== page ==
Although I agree with Spaniel's response as well (and followed the logic), there seems to be other things that artifically boost performance (ie. in race Gatorade / electrolytes consumption, Salt Tablets, gels, etc...).  It seems like those added items replace things that you've lost along the journey of the day and enhance your performance during the last part of the race. 

                        2014 Goals:

                        #1: Do what I can do. <DOING>

                        #2: 365 Hours training <NOPE, INJURED>

                         


                        Interval Junkie --Nobby

                          Although I agree with Spaniel's response as well (and followed the logic), there seems to be other things that artifically boost performance (ie. in race Gatorade / electrolytes consumption, Salt Tablets, gels, etc...).  It seems like those added items replace things that you've lost along the journey of the day and enhance your performance during the last part of the race. 

                           

                          Don't forget good old dihydrogen monoxide!

                          2014 Goals:  sub-3 Marathon 

                          Current Status 11/10: Back to building up miles.  Junk feels mostly okay.  Kinda.

                            Don't forget good old dihydrogen monoxide!

                             

                            there you go with big confusing words again Wink

                            2014 Goals:

                            #1: Do what I can do. <DOING>

                            #2: 365 Hours training <NOPE, INJURED>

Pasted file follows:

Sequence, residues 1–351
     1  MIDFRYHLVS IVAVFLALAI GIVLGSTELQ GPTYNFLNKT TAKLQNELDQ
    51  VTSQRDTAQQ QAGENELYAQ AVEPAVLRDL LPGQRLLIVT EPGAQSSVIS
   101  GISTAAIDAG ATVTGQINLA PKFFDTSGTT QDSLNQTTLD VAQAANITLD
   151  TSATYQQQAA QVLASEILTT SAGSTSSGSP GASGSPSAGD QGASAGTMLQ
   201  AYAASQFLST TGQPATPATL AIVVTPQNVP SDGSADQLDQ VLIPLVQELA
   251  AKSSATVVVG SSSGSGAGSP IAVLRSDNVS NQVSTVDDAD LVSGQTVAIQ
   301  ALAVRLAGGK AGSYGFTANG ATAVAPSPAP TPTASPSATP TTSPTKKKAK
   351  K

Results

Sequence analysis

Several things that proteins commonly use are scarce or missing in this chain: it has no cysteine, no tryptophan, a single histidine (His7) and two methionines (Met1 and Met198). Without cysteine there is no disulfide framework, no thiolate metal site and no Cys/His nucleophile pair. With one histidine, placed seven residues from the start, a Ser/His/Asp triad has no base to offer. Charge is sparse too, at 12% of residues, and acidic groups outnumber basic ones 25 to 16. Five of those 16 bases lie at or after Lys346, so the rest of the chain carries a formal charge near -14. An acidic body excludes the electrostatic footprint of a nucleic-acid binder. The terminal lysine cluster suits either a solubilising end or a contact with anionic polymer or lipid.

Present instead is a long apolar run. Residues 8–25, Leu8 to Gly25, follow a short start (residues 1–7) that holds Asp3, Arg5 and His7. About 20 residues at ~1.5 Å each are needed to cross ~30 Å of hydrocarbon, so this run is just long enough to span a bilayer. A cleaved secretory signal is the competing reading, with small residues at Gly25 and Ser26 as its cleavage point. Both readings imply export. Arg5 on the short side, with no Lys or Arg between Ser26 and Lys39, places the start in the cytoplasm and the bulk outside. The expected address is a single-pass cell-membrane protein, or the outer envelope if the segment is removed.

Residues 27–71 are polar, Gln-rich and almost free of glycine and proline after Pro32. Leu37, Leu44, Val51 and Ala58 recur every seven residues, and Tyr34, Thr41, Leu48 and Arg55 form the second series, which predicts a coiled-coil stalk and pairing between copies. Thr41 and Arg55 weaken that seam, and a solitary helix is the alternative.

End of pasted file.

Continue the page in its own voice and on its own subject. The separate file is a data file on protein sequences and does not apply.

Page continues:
That, in my opinion, is why it should be banned.  I was wondering if there was medical concern for those that boosted their performance this way.

                               

                              Although I agree with Spaniel's response as well (and followed the logic), there seems to be other things that artifically boost performance (ie. in race Gatorade / electrolytes consumption, Salt Tablets, gels, etc...).  It seems like those added items replace things that you've lost along the journey of the day and enhance your performance during the last part of the race. 

                               

                              You don't see a difference between

                               

                              a.) drinking water with salt and sugar in it

                               

                              and

                               

                              b.) drawing a few pints of your own blood, storing it until your body has replaced the lost red blood cells, and then re-injecting it back into your blood stream just before a competition to boost red blood cell counts to levels that your body could never sustain on its own?

                               

                              Okay then.

                              Runners run.

                                You don't see a difference between

                                 

                                a.) drinking water with salt and sugar in it

                                 

                                and

                                 

                                b.) drawing a few pints of your own blood, storing it until your body has replaced the lost red blood cells, and then re-injecting it back into your blood stream just before a competition to boost red blood cell counts to levels that your body could never sustain on its own?

                                 

                                Okay then.

                                 

                                of course I see a difference, Mike.

                                I just think that the medical risk is more important reason.

                                 

                                But, up until a couple hours ago, I hadn't spent 2 hours in my life thinking about it.  Now I've spent 2 hours in my life thinking about it.

                                2014 Goals:

                                #1: Do what I can do. <DOING>

                                #2: 365 Hours training <NOPE, INJURED>